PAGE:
Canada's Trudeau and Britain's Johnson condemn defacement of monarch statues, churches
- The vandalism is likely to be a response the discovery of unmarked graves in Canada
- Trudeau urged all Canadians to commit to reconciliation
- More than 4,000 children died as a result of neglect and disease in Canada's boarding schools
Canadian Prime Minister Justin Trudeau spoke out against the defacement and vandalism in the country on Friday as multiple statues of monarchs and churches were spoiled and torn down.
The defacement comes after thousands of unmarked graves were found and unearthed across Canada in lands that once belonged to boarding schools made for indigenous communities.
These acts of vandalism are likely to be a response to the nation's colonial past and the inhumane treatment given to the children of the indigenous communities at these boarding schools.
A statement from British Prime Minister Boris Johnson's residence made remarks similar to Trudeau and condemned the acts.
The statement read, "Our thoughts are with Canada's indigenous community following these tragic discoveries (of graves) and we follow these issues closely and continue to engage with the government of Canada with indigenous matters", reported AFP.
"It is unacceptable and wrong that acts of vandalism and arson are being seen across the country, including against Catholic churches," Trudeau told a news conference.
"I understand the anger that's out there, against the federal government, against institutions like the Catholic Church," he said.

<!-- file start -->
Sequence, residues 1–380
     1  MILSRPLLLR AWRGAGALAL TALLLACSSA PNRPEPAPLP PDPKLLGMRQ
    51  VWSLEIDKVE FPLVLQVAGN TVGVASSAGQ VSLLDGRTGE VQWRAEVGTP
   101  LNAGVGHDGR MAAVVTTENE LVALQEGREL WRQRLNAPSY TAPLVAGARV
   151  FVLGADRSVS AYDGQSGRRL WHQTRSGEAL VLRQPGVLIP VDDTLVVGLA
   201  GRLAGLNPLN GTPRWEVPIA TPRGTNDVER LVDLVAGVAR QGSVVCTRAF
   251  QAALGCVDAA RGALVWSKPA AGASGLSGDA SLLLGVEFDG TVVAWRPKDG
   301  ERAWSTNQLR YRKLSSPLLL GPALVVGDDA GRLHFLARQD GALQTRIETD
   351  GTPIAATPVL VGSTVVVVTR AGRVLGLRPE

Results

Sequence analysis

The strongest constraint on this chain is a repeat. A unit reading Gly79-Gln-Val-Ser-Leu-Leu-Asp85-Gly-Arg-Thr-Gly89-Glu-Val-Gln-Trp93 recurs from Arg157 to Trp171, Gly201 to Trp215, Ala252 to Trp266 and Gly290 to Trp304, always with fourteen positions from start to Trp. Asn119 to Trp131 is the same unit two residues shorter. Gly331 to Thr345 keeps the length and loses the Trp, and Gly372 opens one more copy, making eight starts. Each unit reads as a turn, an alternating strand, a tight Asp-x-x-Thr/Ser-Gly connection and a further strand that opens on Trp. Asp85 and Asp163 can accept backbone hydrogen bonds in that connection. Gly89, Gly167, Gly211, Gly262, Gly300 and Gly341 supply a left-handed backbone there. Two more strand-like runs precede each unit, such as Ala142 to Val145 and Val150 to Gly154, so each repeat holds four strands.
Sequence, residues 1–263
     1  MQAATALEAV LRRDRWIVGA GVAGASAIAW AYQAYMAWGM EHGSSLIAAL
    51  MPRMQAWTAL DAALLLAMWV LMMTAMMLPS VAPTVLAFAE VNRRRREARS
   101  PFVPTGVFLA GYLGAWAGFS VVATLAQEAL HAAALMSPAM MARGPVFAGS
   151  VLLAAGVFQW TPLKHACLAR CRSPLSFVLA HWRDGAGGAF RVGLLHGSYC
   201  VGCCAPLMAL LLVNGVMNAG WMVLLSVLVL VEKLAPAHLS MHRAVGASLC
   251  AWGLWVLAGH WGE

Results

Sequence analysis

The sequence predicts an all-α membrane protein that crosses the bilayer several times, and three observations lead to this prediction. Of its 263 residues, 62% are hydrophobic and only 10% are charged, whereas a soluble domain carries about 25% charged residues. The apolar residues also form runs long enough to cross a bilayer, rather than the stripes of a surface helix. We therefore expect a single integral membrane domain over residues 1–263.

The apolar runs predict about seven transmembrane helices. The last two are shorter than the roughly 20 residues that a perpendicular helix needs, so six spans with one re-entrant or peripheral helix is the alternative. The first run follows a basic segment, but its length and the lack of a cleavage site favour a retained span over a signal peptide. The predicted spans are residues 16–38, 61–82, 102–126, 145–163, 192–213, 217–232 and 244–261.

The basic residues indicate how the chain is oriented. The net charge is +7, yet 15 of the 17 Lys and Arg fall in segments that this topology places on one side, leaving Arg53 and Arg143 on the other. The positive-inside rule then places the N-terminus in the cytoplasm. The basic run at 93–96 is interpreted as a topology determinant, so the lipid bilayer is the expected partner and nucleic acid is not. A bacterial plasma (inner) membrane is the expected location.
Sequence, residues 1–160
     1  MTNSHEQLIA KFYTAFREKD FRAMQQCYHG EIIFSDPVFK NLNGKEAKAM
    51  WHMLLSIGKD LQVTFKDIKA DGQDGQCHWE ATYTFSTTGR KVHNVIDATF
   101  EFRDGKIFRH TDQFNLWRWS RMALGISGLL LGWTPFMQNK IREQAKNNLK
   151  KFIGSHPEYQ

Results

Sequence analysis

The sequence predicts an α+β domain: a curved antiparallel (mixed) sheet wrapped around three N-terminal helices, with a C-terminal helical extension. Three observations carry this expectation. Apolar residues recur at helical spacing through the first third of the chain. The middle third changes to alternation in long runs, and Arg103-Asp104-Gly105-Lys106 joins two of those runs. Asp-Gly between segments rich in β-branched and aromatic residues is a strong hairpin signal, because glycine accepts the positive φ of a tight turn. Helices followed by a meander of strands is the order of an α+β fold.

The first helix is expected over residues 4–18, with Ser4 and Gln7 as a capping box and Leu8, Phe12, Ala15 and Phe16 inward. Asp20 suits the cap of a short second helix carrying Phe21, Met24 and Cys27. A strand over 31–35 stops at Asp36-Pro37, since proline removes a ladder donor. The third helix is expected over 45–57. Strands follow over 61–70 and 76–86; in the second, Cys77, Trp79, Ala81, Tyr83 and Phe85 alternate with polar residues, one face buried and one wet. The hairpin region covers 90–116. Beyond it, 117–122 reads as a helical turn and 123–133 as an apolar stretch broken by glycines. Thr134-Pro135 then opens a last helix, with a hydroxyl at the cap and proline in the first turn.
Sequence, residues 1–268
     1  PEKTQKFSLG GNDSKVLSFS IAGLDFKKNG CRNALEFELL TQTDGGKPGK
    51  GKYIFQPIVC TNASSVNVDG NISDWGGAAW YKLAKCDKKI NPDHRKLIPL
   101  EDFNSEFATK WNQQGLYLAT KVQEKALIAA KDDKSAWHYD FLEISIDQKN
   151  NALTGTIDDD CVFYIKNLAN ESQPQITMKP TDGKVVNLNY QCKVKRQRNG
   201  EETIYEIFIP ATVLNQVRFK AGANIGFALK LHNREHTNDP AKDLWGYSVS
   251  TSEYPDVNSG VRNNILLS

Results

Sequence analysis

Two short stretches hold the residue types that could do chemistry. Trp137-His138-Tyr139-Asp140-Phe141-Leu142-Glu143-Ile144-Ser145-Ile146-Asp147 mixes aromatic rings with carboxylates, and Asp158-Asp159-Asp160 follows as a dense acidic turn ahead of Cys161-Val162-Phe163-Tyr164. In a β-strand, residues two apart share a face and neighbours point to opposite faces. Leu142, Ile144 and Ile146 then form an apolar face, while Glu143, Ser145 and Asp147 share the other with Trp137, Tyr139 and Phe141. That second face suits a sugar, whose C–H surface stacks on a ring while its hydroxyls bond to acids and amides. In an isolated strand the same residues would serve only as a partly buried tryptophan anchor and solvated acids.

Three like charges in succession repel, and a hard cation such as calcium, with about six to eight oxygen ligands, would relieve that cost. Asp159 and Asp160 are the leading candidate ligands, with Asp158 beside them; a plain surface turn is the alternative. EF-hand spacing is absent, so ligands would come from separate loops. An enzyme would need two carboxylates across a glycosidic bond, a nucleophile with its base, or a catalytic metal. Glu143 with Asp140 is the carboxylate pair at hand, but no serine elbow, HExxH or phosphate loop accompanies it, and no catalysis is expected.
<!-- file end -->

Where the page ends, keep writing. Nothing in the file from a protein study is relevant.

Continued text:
"It is real, and it is fully understandable given the shameful history" of Canada's indigenous residential schools, he said.
But instead of wreaking destruction, he urged all Canadians to commit to reconciliation.
Canada's national holiday on Thursday was marked by a grim reckoning over its British colonial past, with several cities cancelling their usual Canada Day celebrations.
Until the 1990s, some 150,000 Indian, Inuit and Metis youngsters were forcibly enrolled in 139 residential schools run by the Catholic church on behalf of the government.
As a result of neglect and disease, more than 4,000 children died.
Others have recounted physical and sexual abuses by headmasters and teachers who stripped them of their culture and language.
The 1904 statue of Queen Victoria, who reigned over this Commonwealth nation when Canada began negotiating treaties with First Nations and opened the first residential schools, was left covered with a Canadian flag with the words in black marker, "We were children."
Belinda Vandenbroeck, a former residential school student, told the Winnipeg Free Press: "This queen is the one that gave our land away just like that to her merry gentlemen -- her fur traders."
"So I really have no place for her in my heart," she said.